Staff from TBG Learning’s centre on Princess Way, took part in a volunteering project to help spruce up the Phoenix Centre in Townhill and TOPIC House (The Older Persons Information Centre) in Mayhill.
Both centres work closely with TBG Learning to offer a variety of volunteer placement opportunities to disadvantaged and unemployed adults across the region.
A 14-strong team from TBG Learning took part in the event to make the enhancements, which included painting, cleaning and gardening as well as helping to promote volunteering at the centres within the local community.
TBG Learning Swansea delivers the Government’s Work Programme on behalf of JobFit, which supports thousands of people across Wales and England to gain employment skills through tailored packages of support and assistance.
Helen Pike, placement co-ordinator at TBG Learning Swansea, said: “It was extremely rewarding for us to be able to volunteer at the centres and give something back to the community.
“The centres have provided numerous volunteering opportunities to Work Programme customers who attend TBG Learning in Swansea and this was a way of thanking them for offering their support.”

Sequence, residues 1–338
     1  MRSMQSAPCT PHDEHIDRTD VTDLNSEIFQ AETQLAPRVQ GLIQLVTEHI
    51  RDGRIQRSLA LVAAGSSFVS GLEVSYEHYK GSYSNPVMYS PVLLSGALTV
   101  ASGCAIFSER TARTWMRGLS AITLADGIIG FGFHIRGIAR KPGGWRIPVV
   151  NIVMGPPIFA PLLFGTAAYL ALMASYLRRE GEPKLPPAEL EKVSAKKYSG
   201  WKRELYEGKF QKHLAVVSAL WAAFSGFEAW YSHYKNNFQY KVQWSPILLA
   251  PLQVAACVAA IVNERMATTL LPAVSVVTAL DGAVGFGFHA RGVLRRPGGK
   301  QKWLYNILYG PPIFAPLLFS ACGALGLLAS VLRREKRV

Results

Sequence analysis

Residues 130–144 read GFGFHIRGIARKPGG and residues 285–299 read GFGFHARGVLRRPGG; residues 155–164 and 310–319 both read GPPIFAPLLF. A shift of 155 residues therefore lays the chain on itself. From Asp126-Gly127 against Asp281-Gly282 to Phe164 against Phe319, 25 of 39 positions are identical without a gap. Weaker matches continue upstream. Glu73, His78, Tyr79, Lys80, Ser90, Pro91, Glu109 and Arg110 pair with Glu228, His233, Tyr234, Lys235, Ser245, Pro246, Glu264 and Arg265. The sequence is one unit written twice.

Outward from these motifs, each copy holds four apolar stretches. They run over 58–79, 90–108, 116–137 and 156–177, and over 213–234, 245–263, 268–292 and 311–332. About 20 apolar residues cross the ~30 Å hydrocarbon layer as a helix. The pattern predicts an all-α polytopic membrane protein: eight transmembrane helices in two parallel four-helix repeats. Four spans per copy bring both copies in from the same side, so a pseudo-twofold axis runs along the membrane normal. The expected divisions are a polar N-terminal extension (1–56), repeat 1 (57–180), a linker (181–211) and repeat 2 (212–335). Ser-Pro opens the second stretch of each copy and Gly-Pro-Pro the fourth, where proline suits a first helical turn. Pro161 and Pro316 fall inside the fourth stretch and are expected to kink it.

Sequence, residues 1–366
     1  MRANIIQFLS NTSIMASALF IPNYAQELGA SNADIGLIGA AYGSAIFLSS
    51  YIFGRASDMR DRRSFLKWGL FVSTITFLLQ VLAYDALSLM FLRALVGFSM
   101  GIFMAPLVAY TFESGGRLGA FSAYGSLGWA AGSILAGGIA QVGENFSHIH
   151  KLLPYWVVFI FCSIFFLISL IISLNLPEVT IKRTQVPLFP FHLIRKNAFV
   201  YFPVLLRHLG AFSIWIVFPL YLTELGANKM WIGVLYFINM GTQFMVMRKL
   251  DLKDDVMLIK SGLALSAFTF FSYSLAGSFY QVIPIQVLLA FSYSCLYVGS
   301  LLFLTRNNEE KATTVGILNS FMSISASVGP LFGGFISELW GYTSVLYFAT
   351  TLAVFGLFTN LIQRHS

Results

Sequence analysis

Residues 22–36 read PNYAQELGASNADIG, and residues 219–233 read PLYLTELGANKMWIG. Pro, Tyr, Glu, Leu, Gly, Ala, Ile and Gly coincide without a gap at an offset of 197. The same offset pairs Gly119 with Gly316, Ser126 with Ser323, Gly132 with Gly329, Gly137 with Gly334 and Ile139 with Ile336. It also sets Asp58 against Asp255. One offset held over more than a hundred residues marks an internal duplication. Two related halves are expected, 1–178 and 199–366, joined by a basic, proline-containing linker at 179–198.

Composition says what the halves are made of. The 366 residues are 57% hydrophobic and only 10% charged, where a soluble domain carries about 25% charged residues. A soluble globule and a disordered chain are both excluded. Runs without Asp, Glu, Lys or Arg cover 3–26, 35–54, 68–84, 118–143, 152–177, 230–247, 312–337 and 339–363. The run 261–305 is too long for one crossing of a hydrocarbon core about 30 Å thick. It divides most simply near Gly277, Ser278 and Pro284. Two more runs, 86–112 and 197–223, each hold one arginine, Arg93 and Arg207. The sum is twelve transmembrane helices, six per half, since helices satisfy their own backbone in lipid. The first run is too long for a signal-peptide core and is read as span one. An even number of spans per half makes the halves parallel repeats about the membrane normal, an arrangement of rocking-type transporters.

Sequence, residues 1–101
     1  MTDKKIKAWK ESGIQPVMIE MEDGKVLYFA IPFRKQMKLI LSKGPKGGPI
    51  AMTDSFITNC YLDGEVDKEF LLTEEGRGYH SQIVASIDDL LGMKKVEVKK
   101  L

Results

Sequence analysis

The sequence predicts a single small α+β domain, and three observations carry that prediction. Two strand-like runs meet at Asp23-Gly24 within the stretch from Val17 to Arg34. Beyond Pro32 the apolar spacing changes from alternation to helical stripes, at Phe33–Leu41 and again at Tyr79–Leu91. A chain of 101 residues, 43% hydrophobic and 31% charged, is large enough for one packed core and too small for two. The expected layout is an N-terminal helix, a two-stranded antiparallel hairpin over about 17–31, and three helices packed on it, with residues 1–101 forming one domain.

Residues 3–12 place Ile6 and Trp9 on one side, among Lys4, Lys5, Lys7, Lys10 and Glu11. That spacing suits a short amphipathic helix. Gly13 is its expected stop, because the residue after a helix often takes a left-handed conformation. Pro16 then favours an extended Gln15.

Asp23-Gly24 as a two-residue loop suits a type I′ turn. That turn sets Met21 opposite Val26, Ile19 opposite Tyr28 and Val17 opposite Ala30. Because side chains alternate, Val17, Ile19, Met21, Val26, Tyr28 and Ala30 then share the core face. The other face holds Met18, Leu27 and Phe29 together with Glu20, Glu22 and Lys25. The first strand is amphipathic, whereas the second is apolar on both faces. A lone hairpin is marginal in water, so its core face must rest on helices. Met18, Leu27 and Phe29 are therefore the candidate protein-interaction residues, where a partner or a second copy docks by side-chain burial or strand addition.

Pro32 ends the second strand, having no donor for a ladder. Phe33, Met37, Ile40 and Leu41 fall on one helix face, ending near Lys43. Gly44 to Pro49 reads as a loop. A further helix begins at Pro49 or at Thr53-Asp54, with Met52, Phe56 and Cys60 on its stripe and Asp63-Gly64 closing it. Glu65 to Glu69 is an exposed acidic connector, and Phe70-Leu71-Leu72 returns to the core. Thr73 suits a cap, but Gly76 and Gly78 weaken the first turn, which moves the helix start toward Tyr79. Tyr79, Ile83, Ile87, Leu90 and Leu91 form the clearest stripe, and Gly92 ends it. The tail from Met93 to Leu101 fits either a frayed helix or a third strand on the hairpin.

She added: “We were very fortunate that both the Wickes and B&M stores in Swansea kindly agreed to donate all of the materials we needed to help give the centres a new lease of life.
“We are very grateful to all of the employers who help us continue to provide important volunteering opportunities, providing recent up to date experience, which supports our clients in returning to work.”
The team was boosted by two volunteers from Admiral who worked with TBG Learning during the day-long project.
Gary Piazzon, lead recruitment officer from Admiral, added: “As such a large employer in Swansea it’s nice for us to get involved with the local community.
“Partnering with TBG Learning provided us with the perfect opportunity to get our hands dirty, and transform two community buildings.
“It was a very worthwhile experience for everyone involved, and the work we did will hopefully have a massive impact on the people who use the community buildings.”